New Zealand Prime Minister Jacinda Ardern appears to have suggested that the opposition leader of her country was a “Karen”. During a heated debate on hate speech in Parliament, she made a subtle reference to Judith Collins, also the head of the centre-right National Party, being a “Karen” and caused howls of laughter in the chamber and outside on social media. “Karen”, a term that has become popular on social media, is used to refer to entitled women who get upset and aggressive when things don't go their way.
Ms Collins had tweeted against the proposed changes to New Zealand's hate speech laws. She questioned if “calling a middle-aged white woman a ‘Karen' now be a crime under Jacinda Ardern's law?”
Will calling a middle-aged white woman a ‘Karen' now be a crime under Jacinda Ardern's law? https://t.co/nDiMOU7NLB— Judith Collins (@JudithCollinsMP) June 29, 2021
Ms Ardern replied during the debate that she disagreed with the statement, adding: “As it happens, I also disagree with the member's [Collin's) statement on Twitter, that somehow it will become illegal to call someone a ‘Karen.'”
“That is absolutely incorrect and I apologise that it means these laws will not protect the member (Judith Collins) from such a claim.”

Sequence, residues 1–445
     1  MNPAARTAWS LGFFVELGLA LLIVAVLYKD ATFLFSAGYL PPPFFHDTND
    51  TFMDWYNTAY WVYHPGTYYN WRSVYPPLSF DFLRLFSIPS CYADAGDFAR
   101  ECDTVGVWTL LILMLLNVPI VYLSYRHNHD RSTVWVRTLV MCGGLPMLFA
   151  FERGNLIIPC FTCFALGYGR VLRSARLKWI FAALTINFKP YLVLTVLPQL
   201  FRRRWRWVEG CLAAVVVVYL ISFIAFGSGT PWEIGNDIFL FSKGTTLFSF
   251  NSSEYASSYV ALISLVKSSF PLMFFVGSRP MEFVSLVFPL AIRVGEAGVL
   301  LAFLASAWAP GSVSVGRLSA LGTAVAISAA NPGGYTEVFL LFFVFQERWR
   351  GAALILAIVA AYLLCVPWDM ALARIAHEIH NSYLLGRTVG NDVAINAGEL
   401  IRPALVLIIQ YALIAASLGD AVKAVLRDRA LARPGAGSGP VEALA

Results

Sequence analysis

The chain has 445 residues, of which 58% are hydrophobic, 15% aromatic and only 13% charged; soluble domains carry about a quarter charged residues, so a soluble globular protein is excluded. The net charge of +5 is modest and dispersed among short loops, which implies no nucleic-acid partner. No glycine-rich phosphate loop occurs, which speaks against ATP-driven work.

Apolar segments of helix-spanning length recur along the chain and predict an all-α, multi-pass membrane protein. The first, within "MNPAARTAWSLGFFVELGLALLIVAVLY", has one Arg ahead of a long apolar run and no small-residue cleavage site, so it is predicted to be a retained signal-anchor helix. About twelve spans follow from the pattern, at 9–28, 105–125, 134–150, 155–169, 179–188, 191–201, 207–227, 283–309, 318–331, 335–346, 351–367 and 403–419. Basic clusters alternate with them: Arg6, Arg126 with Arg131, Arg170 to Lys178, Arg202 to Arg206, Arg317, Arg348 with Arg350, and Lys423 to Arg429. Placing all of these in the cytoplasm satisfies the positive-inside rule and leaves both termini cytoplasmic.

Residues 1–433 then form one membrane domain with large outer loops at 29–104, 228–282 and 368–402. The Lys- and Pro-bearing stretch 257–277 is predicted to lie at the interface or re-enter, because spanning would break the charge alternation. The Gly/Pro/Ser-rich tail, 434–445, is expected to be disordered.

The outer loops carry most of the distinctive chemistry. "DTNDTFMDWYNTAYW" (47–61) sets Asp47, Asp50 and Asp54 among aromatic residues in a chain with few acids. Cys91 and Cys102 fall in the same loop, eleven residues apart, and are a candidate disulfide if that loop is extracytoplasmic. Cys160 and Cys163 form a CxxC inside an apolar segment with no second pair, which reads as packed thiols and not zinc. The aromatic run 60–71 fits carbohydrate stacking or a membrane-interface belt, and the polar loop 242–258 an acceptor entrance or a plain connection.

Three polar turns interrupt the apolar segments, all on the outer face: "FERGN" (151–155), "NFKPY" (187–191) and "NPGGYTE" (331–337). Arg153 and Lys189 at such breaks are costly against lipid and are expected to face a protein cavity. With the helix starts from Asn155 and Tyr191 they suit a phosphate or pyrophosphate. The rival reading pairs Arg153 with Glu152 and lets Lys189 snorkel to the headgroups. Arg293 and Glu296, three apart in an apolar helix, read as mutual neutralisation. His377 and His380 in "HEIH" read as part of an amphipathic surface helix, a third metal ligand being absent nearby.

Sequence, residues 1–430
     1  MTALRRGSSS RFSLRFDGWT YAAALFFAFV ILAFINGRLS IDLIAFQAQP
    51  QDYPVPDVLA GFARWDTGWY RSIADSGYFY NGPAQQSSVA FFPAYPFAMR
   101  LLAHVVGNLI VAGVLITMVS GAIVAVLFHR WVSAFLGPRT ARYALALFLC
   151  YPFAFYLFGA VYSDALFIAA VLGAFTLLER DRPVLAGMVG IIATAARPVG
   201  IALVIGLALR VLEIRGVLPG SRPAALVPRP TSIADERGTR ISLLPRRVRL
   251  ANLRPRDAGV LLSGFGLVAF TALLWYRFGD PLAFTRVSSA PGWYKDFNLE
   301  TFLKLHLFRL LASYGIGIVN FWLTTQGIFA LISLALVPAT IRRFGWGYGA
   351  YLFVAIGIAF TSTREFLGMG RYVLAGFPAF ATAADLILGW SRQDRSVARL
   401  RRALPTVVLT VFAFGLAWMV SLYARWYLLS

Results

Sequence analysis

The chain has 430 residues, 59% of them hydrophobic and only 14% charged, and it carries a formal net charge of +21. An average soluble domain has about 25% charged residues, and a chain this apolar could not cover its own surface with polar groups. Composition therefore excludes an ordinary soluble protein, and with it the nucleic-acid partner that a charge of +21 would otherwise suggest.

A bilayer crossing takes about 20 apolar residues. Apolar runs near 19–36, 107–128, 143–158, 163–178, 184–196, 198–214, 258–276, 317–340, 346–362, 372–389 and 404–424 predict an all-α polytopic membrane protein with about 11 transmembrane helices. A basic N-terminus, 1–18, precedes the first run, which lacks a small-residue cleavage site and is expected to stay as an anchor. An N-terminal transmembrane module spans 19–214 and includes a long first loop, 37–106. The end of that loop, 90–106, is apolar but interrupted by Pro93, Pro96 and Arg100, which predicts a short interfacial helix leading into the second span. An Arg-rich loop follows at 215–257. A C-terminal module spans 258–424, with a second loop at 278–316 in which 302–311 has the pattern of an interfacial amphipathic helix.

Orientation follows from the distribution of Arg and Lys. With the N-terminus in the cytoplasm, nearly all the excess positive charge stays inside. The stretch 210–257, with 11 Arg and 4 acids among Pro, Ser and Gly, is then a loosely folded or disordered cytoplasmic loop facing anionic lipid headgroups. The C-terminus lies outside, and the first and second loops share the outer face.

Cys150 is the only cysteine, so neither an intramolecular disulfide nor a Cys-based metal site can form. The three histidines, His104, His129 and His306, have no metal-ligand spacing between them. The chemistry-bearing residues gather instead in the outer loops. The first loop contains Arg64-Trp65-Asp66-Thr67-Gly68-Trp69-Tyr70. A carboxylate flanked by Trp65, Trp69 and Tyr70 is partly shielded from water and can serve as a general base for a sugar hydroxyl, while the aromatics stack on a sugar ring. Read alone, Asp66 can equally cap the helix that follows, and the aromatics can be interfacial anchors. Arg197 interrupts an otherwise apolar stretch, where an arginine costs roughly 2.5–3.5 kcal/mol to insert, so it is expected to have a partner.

Prime Minister Jacinda Ardern disagrees with Judith Collins' tweet that under the new hate speech law, calling someone a ‘Karen' will become illegal.— Jason Walls (@Jasonwalls92) June 30, 2021
‘That is absolutely incorrect and I apologise - that means these laws will not protect that member [Collins] from such a claim.' pic.twitter.com/LqreswVZo7
Other members of the Parliament either laughed or applauded at Ms Ardern's statement. According to a report in CNN, even Ms Collins had “a tight-lipped smile”.
Later, Ms Collins tweeted again on the issue, saying, "Apparently insulting women for either being named Karen and/or for being middle aged white women is fine, under Jacinda Ardern's new law."
Apparently insulting women for either being named Karen and/or for being middle aged white women is fine, under Jacinda Ardern's new law. https://t.co/YSdTSWJGJ8— Judith Collins (@JudithCollinsMP) June 30, 2021
The term “Karen” became popular in 2020. The CNN report states it was mainly “thanks to the cultural force of Black Twitter, and the frustrations over racial injustice that boiled over during the Black Lives Matter protests”.
The Macquarie Dictionary had even declared it as “Word of the Year 2020”.
When it comes to New Zealand's Parliament, it's no stranger to viral phrases. In 2019, Chloe Swarbrick, a 25-year-old politician, had told an older lawmaker “OK boomer” after she was interrupted during her speech on climate change. Her response had baffled other parliamentarians.
Ms Ardern has been the prime minister of New Zealand since 2017. After the mosque shootings in Christchurch in March 2019, her government in New Zealand plans to introduce very harsh penalties for those who incite or normalise discrimination or hatred.Click for more trending news